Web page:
The cycling world, and especially the Italian cycling world, is full of romantic stories and the birth of the Passoni brand is no exception. It all started when a successful electrical engineer, with his own company called Passoni & Villa, went out for a weekend bike ride as is the habit of many an Italian in his leisure time. Luciano Passoni was heading for the Madonna del Ghisallo, which contains a small cycling museum, and on his ride, rather like the young Matteo who admired his uncle’s bike, Luciano spotted a frame branded Trecia, the likes of which he had never seen. Catching up with its rider, Luciano discovered that this was a titanium bike, hand built by its owner, one Amelio Riva. Amelio was an engineer working in the aeronautics and motorsports industry who designed and built bike frames in his spare time. After some persuasion he agreed to build a similar frame for Luciano which, on its completion, he was so happy with that he asked for a second one to be made. What he really wanted to do was go into the bike building business with Riva, but to Luciano’s disappointment, frame building was to remain a mere hobby for the engineer and he wasn’t interested in going into partnership.
Determined not to be thwarted, Passoni sent his son, Luca, to learn about the principles of frame design and development. And so the dream of a boutique frame building business under the Passoni name was born.
By the time Matteo took over the company in 2011, Luca had died tragically, and the day to day business of Passoni was being overseen by his wife, Silvia Passoni, who had never even ridden a bike in her life. She was determined for the name of her late husband to survive and to be associated with the most precious bikes available but the big brands churning out mass produced carbon frames from factories in the Far East were making it difficult for small, Italian based, bespoke manufacturers to find a place in the market. Matteo realised that what made the brand unique was its attention to detail and uncompromising commitment to using the very highest quality parts (even a brake cable costs up to £100). Most importantly, the hand crafted titanium frames, each one individually polished for over 30 hours and put together by craftsmen with decades of experience, gave them an edge over the anonymous carbon of the mainstream brands.
Finding himself on gardening leave in between jobs, Matteo and his young family travelled the world to all of Passoni’s dealerships, ensuring that they understood the special nature of this beautiful product. Matteo’s tweaks and business acumen mean that, while not reaping the huge profits of the big brands, Passoni is now in a much healthier financial position with an exciting future, including plans to expand its production, although not going beyond 1000 frames a year, thus retaining its exclusivity. It seems that Silvia had placed her trust in the right person. As Matteo says, "It's very important for Silvia to keep the company going - intact in its mission and spirit and carrying the name of Valentina's father whose passion was second to none and created something we are really proud of."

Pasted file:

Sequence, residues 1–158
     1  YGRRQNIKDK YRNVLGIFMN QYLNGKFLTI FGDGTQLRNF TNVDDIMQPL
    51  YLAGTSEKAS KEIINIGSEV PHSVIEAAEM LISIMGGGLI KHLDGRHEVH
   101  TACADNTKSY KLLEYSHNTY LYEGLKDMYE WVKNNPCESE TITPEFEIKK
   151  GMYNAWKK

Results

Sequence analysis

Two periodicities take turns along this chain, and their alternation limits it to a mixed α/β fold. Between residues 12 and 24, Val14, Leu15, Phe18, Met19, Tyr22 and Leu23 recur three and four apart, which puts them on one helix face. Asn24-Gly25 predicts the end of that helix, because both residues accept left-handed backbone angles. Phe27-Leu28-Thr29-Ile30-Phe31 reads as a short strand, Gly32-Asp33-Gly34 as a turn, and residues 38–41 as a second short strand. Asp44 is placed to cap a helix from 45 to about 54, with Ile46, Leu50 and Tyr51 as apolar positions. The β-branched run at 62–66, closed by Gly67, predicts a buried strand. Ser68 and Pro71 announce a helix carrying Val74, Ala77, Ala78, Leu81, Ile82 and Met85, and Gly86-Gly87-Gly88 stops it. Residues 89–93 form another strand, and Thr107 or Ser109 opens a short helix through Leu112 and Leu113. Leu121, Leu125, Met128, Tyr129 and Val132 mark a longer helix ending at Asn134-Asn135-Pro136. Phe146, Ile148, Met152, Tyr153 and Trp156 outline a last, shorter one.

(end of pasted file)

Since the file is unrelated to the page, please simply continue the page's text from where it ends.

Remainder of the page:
They have also expanded their operation to include some quality apparel in partnership with Café du Cycliste, as well as wheels, shoes and a turbo trainer that would grace the rooms of an art gallery. All this contributes to the overall mystique and desire factor. Most importantly, it has not compromised on the founding principles of Lucianno Passoni to create the highest quality frames available in the world and handmade in its state-of-the-art, Milan-based Atelier.
Now that the business is up and running successfully, Matteo is able to combine his ownership of Passoni with a demanding job for a top bank based in London. Given his passion for cycling, it comes as no surprise that his employers are Saxo Bank, sponsors of Tinkoff-Saxo with its star riders including World Champion, Peter Sagan and team leader, Alberto Contador. All this gives him unparalleled access to the greatest cycling events on offer in the world and their top riders, many of whom have become personal friends. It also gives him the opportunity to conduct business meetings with some of the most influential financiers from Malaysia to the US on, of course, a Passoni road bike, which travels with him wherever he goes. We wondered, given that Matteo has had the chance to ride his bike all over the planet, what is his favourite ride? The answer is obvious really: the same 30.2 km climb of Passo dello Spluga that inspired a love of bikes and riding from those childhood experiences with his father, uncles and cousins.
So the next time you hanker after Chris Froome’s Pinarello or Contador’s Specialized, just remember that the likelihood is that, when they approach retirement, the bike that they will probably be planning on using for leisurely rides out of Monaco, Nice or Girona, won’t be a mass-produced lump of carbon from a factory in the Far East, but a beautiful, hand-crafted work of art: a Passoni.